Ever since I moved out of the Philippines and started living abroad, I had difficulties getting the exact ingredients for the Filipino dishes that I want to cook every time I feel homesick. The taste is different when I don’t use Reno liver spread for my calderata. The adobo will taste different, as well, if it’s not the local brands for the soy sauce and vinegar.
And when it comes to the sinigang, it is different when it’s not kangkong or water spinach.
Sinigang is a soup characterized by its sour taste due to the tamarind mixed into it, or any other sour fruits (such as kamias, guava, unripe mango, etc.) or leaves as a souring agent. When I was in Thailand, they asked me to describe it, and I cannot think of any other easy way but say that it’s similar to tom yum, but without the red-chili spiciness or coconut milk in it.
Sinigang is typically cooked with pork. But the variety is endless, as there’s an option to use seafood like fish or shrimp or chicken, as well.
And since I’m away from home, I just used the sinigang powder mix I can buy in the Asian stores. Sometimes, there’s kangkong in the fridge, but it’s too expensive. My friend suggested using spinach instead, since it’s the one she uses anyway, and it’s cheaper.
This turned out so good. I bought the fish from the Pinoy store, where a pack of 8 cut pieces is priced at 4.99Eur. I only used 4 of them for this recipe, and I enjoyed it because the fish is fatty, and it adds flavor to the dish. The long Japanese eggplant is bought at the Indian store. I am fortunate to have a variety of stores in this part of France! 🙂 I only miss this recipe using long chili, which adds flavor, spice, and more aroma to this dish.
1 pc eggplant (any will do), cut into medium-sized pieces
1 kl spinach
2 medium-sized tomatoes, cut into quarters
1/2 kl long beans, cut into medium sizes
1 pc white radish, sliced
1 white onion, sliced
4 pcs fish, sliced in a serving portion (or pork or shrimp, amount is whatever you desired)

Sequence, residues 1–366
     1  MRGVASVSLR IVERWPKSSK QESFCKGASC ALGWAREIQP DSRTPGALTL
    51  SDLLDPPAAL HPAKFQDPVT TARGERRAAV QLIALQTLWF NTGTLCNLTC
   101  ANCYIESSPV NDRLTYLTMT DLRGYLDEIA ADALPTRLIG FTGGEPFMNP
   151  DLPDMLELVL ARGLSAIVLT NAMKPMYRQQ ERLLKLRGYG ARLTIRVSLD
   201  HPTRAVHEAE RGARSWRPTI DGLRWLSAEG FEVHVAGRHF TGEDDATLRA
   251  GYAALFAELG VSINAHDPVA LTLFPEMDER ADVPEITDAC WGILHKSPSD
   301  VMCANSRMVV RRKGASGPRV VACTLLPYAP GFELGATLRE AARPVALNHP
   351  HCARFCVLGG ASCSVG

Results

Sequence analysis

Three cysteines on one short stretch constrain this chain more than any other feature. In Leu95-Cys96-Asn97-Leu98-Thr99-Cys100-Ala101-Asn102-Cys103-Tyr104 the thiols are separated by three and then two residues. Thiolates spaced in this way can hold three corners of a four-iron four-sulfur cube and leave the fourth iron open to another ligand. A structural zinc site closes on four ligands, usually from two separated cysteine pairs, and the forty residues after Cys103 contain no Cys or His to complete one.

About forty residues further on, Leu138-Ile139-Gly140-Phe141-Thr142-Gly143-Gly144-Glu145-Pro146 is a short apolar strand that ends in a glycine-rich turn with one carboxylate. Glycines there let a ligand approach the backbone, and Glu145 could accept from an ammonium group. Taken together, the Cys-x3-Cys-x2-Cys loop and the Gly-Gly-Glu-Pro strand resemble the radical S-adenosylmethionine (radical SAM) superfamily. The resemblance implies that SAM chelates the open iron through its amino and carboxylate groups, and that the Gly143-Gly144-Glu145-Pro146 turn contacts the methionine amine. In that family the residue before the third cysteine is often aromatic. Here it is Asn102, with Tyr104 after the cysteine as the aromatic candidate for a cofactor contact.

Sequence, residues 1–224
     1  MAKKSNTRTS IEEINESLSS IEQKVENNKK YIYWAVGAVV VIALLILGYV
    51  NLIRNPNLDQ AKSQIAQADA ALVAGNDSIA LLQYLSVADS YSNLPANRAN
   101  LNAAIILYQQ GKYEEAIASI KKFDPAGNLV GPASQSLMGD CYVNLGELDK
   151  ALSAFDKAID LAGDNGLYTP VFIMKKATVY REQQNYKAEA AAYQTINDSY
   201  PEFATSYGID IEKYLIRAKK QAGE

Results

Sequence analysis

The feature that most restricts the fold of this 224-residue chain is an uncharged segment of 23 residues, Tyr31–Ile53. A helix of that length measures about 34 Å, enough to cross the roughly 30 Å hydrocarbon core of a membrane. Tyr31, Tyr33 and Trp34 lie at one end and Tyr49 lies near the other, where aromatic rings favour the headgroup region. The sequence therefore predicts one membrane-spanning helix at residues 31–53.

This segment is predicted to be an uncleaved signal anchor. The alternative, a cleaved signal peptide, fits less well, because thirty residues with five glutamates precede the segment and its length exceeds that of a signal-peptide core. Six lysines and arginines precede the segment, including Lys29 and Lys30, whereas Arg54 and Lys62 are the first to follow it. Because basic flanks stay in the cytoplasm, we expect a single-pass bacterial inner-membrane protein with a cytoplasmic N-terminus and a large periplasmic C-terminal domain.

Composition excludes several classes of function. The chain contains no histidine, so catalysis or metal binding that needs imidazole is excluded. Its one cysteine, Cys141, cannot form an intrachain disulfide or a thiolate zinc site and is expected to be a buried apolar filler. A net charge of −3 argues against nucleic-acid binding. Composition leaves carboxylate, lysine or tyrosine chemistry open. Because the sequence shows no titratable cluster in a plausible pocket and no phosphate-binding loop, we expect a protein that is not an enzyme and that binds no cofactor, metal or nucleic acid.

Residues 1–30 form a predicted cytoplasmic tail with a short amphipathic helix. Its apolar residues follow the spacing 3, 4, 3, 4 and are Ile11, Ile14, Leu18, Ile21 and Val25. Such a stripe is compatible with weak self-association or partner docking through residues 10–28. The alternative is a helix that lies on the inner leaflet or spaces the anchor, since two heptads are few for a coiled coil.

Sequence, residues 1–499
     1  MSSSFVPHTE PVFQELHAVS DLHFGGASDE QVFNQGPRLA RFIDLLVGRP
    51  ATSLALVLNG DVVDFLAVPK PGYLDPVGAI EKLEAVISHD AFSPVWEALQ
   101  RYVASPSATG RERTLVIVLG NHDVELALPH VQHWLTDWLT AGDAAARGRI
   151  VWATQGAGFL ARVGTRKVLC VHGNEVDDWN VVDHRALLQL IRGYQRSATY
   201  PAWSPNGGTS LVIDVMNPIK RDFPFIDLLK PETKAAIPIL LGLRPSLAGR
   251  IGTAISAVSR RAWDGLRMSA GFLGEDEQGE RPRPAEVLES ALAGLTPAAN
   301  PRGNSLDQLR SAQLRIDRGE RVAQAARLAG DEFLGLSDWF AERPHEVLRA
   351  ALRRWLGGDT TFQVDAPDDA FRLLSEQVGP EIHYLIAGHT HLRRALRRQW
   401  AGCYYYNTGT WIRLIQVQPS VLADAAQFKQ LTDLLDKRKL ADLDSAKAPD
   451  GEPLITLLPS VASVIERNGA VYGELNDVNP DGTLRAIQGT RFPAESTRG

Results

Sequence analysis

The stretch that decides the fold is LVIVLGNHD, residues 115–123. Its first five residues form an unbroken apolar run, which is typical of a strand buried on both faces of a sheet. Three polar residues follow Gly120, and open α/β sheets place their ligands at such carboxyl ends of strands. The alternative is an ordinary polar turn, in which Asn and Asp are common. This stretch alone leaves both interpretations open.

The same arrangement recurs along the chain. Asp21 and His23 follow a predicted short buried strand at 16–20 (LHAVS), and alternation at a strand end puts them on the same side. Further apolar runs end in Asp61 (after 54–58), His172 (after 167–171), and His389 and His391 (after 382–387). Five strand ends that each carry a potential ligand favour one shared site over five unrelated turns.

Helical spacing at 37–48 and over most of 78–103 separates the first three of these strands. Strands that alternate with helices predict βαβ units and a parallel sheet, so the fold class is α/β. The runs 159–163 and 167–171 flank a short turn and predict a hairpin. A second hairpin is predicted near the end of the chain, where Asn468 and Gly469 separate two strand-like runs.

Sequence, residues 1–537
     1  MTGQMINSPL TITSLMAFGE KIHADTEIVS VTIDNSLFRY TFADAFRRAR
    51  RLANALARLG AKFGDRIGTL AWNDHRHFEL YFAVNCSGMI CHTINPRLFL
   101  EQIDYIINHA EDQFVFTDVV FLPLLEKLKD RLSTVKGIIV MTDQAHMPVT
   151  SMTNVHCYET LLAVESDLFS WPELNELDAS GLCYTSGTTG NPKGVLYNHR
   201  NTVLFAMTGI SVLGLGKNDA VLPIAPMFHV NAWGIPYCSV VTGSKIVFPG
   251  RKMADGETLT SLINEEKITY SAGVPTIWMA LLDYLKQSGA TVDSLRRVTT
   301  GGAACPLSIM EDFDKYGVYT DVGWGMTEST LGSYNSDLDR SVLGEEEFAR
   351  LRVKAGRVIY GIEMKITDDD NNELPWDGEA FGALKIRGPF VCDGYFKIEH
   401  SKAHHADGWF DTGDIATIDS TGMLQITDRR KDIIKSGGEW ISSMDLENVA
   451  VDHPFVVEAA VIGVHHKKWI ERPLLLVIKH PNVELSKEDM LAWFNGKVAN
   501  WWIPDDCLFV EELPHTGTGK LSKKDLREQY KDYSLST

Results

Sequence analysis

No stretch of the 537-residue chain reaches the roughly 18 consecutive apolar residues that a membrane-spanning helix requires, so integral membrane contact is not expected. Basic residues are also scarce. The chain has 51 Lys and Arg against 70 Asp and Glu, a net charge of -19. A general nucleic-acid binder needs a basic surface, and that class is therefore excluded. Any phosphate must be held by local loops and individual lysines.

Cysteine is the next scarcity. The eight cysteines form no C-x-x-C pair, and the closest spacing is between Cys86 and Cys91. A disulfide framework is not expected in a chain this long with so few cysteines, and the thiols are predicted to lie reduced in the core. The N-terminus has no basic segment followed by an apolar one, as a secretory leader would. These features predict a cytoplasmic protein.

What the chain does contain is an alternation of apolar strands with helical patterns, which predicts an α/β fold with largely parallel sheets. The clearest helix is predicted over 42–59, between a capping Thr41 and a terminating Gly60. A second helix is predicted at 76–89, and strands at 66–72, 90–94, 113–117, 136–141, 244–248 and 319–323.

1 pack sinigang mix
pinch of salt
3-5 pcs long chili (if available)
- Boil 5 cups of water in a pot. When it starts to simmer, add in the pork if you are using pork. Cook it first until it becomes so tender.
- Once cooked and tender, add the onion, tomatoes and radish. If using fish as the meat, when the water starts to boil, add the fish along with the onion, tomatoes and radish.
- Put the sinigang mix, too. Stir gently to mix it in the soup.
- If you have long chili, add it in the pot after 5 minutes since you put the sinigang mix.
- Once the radish is cooked, put the long beans, and cook for about 10 minutes.
- Put in the spinach (or kangkong, if you have). This is the last and the easiest to cook, so turn off the heat. Season with salt or a teaspoon of fish sauce, and mix it gently. Cover the pot. The heat will help to cook it.
After a few minutes, this is now ready to serve!
I usually don’t put salt or fish sauce; I tend to forget about it. I love my sinigang sour, and it works for me most of the time. I leave it to you if you want to season it with salt or fish sauce to add a bit of salty flavor. How about you? Do you have a different way of cooking sinigang? Let me know, and maybe I can try that one, too! 🙂
One thought on “A Twisted Sinigang!”
Aw nakakagutom naman ito. Ang sinigang ng aking mama ay may calamansi. Wala syang talong. Kamatis at sitaw or kangkong lang. Hindi rin kami naglalagay ng patis hihihi